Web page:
The cons of the Deere was just the overall size of the machine, more so the length.  Farmers commented that it will take up a lot of valuable real estate in a machine shed.  Getting used to pulling it down the road did take some time, but overall was easy going since it does fold up narrow to 18ft 8in.  Transport height was not a issue for me either, since it folds up under 14ft 5in.  On the folding 2730 models,  it will take five remotes to run the hydraulics on the ripper.  Some customers that I demo’d to only had four remotes and would then unplug and plug in the folding hydraulic hoses as needed.

OVERALL PERFORMANCE:

As far as the performance between the Deere 2730 and Case,  they were very close to being equal.  I know I’ll get some backlash for saying that,  but it all comes down to settings.  Some 870’s and 875’s I ran in the same field with the 2730,  would look like they cover more or less trash, but with a small adjustment here or there you’d have a hard time telling where the different tools ran.  The trash coverage could be set with the front disk to have very minimal trash on top of the ground.  The ripper shanks of the Deere being set on 24” spacing seemed to do a better job of not leaving hard compacted strips in between the shanks. The shanks left a nice shatter all the way through the pass when we got out and dug down to look at it.

The closing disks worked very well and it is crucial that they are set properly to leave a level field behind the tool.   I did run with a customer that had notched closing disks on their 2730.   In certain conditions they did stop turning, like in the sandy soils up north or also fields where they would throw up huge chunks of dirt.  I thought the closing disks were  the most difficult to set because they can make your field look terrible in a hurry.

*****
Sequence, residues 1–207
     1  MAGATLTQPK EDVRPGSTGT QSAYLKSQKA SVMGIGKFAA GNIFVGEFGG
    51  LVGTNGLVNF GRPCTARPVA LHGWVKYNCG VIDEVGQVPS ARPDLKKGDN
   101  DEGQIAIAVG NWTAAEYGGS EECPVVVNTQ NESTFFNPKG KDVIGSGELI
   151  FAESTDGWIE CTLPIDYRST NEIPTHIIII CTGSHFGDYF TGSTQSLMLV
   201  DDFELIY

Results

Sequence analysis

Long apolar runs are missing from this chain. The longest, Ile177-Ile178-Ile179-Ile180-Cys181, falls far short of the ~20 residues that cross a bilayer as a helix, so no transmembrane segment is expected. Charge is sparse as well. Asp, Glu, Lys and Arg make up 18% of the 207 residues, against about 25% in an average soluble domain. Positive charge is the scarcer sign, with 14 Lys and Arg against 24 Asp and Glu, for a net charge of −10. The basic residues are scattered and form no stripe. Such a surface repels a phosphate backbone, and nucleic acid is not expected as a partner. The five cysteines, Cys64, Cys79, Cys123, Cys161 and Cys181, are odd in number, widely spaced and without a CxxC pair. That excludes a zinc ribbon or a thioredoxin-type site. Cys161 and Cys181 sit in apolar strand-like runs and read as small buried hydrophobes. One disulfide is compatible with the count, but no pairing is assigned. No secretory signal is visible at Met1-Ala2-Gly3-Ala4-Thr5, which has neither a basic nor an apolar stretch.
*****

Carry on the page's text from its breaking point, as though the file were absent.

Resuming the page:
The last component is the rolling basket.  The baskets are controlled by the tractor hydraulics and this was especially nice when going through a wet area where I could raise them up.  Also in lighter soils I could drop my pressure and in heavier soils increase the pressure to get the field conditions I was looking for.

20161006_114445_resized

1200 Acres of this Point of View

Overall I was very impressed with the 2730 as were the farmers that were able to run it in their fields.  The 2730 is a very good machine, but like all pieces of equipment it has to be set properly to perform the way you want it.

You can learn more about the features of the 2730 on this Sloan Support blog post written by Josh Zuck back in 2014 when the 2730 was a prototype unit.

Sloan Support is written by the product support team at Sloan Implement, a 20 location John Deere dealer in Illinois and Wisconsin.   Learn more at www.sloans.com

 

ExactEmerge High Speed Retrofit for Deere Planters – 0% for 48 Mos

by Lucas Veale, Assumption, IL